With the years progressing, the dark age of intolerance, violence and savageness deepens its roots in the deserts of Middle East today. Distracted by the dreams of constructing Paris-like streets and New York skyscrapers, the Arab world seems to have neglected the top engineer of conflict: the strife against religious extremism.
President Abdel Fattah El-Sisi recently commented on the May 20 attack, urging the government to take measures in reinforcing public order and protection of citizens within the rule of law.
Following the rumor of a love affair between a Christian man and a Muslim woman, the Coptic Orthodox Church stated that ‘a group of 300 people carrying weapons went at 8pm on 20 May to attack seven houses owned by Christians, burgling some of them and torching others’. A popular incident is the eviction of Soaad Thabt, the mother of the Christian man, out of her house and stripping her naked.
On Saturday, according to Ahram Online, the interior ministry has said to arrest 14 people so far under the suspicion of involvement in the mob.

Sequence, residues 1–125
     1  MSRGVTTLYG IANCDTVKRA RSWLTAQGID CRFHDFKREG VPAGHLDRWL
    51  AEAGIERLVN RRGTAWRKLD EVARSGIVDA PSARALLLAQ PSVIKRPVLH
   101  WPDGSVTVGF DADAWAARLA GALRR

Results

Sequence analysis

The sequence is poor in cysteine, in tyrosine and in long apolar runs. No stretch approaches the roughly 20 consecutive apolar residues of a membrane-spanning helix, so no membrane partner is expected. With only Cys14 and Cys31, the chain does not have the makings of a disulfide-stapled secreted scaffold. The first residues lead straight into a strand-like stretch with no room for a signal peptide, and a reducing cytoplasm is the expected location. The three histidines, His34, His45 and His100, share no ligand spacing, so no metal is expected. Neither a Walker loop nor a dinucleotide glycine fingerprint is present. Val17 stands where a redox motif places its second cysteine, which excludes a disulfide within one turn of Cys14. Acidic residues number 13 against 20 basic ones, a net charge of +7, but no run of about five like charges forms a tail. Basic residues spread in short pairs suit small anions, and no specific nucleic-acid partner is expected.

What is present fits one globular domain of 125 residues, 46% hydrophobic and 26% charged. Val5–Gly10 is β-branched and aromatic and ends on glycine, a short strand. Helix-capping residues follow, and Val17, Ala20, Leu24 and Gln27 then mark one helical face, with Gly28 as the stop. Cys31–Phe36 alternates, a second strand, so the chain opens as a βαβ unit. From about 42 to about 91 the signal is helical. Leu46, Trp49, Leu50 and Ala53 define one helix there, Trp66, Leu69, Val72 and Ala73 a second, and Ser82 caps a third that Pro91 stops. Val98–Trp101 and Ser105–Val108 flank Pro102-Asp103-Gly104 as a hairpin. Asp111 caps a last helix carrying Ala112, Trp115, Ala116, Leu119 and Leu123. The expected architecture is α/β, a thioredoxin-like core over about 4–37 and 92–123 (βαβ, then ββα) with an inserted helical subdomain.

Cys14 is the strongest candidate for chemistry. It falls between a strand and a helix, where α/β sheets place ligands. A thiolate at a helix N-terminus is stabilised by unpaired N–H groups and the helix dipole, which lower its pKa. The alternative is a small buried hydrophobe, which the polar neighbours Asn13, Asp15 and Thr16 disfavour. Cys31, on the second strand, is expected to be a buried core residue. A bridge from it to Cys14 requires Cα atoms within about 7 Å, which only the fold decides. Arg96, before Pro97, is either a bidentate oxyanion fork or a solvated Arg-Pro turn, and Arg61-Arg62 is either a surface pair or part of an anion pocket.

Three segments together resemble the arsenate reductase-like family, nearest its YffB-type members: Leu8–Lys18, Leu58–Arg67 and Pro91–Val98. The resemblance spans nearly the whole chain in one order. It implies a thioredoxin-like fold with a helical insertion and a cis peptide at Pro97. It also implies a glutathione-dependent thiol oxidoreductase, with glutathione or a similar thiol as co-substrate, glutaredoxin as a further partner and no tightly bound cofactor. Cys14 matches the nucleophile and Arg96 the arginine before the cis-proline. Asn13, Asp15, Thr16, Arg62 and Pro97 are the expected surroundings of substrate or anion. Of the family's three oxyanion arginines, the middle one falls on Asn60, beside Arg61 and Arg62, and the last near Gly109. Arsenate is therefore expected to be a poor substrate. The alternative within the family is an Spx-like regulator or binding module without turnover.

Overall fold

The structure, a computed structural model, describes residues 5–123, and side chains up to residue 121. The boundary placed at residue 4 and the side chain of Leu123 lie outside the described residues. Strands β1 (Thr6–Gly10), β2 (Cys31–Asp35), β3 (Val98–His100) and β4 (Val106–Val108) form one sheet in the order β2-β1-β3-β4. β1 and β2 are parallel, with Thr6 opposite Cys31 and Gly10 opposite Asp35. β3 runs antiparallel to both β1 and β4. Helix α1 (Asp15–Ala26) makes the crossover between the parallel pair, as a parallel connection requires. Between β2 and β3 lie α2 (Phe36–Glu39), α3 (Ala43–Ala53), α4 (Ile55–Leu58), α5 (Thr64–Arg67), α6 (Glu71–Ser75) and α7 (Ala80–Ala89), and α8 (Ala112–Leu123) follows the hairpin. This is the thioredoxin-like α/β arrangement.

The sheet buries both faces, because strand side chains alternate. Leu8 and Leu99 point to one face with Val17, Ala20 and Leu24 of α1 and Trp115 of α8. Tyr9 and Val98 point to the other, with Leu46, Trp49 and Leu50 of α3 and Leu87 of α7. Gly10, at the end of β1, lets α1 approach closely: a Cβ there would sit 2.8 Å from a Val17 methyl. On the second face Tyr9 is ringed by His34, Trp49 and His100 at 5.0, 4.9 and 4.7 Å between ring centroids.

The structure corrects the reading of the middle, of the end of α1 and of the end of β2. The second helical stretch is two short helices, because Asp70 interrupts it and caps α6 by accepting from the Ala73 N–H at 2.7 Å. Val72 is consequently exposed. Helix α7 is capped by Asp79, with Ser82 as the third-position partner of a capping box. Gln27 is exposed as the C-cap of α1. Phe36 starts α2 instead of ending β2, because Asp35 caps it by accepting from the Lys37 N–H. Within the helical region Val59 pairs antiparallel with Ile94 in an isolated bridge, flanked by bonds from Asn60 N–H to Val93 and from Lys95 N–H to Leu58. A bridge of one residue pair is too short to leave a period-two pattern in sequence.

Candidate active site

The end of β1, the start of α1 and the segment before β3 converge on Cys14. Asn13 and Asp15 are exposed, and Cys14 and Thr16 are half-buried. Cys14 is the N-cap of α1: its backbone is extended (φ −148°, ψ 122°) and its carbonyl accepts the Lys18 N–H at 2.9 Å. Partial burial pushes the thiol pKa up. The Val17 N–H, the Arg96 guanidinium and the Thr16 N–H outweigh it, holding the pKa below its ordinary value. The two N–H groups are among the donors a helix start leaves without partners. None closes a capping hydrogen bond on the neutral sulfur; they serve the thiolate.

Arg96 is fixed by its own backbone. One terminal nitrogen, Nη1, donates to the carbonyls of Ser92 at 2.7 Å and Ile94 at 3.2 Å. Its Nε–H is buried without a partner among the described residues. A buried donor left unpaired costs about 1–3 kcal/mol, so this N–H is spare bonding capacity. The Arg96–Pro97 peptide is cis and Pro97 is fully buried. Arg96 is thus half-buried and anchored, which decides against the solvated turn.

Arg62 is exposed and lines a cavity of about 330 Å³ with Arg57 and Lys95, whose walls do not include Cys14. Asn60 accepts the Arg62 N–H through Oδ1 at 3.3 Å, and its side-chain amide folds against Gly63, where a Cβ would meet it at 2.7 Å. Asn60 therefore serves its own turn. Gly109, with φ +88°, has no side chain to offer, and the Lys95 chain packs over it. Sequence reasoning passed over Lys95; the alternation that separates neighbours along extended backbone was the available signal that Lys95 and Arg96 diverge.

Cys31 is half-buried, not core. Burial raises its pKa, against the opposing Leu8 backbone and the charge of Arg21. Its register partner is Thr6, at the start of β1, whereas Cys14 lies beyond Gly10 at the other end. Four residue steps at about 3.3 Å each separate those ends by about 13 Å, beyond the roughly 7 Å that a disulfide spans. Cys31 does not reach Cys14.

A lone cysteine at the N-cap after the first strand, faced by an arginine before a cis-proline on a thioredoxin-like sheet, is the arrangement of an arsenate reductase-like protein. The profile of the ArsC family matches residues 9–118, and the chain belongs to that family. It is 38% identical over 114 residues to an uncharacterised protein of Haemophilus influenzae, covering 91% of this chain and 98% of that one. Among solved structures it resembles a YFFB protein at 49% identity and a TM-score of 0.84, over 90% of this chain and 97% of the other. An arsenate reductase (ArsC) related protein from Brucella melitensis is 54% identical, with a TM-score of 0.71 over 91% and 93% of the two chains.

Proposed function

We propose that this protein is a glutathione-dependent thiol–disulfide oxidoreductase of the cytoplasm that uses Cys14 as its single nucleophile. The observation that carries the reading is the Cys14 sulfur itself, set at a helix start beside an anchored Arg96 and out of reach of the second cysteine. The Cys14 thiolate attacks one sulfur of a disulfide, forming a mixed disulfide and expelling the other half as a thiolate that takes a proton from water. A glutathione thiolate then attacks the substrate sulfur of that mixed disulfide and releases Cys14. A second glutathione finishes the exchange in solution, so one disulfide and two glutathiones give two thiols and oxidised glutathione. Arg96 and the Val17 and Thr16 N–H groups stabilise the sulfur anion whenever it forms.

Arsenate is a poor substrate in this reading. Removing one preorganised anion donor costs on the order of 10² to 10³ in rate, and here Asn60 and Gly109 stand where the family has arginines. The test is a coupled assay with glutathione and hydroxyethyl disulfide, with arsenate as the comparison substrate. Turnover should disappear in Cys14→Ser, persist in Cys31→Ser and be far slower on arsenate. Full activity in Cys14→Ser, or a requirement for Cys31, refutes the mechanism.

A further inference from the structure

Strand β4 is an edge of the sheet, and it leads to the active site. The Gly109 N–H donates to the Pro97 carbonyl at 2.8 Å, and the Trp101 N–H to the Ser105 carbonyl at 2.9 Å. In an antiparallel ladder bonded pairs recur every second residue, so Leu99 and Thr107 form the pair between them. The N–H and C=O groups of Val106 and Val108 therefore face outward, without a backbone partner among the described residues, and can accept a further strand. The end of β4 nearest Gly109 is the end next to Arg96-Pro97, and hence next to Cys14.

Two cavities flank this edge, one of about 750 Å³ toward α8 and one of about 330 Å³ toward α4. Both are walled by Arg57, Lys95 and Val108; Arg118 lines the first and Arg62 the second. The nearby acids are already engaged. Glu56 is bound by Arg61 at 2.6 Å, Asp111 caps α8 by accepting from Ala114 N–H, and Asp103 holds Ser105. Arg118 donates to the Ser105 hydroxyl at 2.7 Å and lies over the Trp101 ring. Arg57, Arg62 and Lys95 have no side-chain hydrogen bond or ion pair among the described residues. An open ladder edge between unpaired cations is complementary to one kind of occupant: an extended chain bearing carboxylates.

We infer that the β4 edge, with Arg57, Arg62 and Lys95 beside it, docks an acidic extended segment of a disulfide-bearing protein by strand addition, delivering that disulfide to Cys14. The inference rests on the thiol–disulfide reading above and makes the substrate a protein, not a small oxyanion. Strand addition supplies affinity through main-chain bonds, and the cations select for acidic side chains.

Bishop Macarius refuses to resolve the sectarian issue through informal assemblies and inter-faith community meetings, and insists on the necessity of tackling the issue through the application of law.
Amna Nosseir, an MP and an Al-Azhar scholar, told Ahram Online a few weeks ago that she has proposed to alter Article 98 in the House of Representatives. Ishak Ibrahim, the Egyptian Intuitive for Personal Rights, explains that there is no exact definition of ‘contempt of religion’, and this matter is usually left to the judge who is often defendant of his own religion.
As events continue to spiral, resolving religious conflict now rests with the implementation of law. Yet, unknowing the degree of success, it is urgent that the country, and the Arab world in general, to begin developments through the focus on reality as opposed to dreams.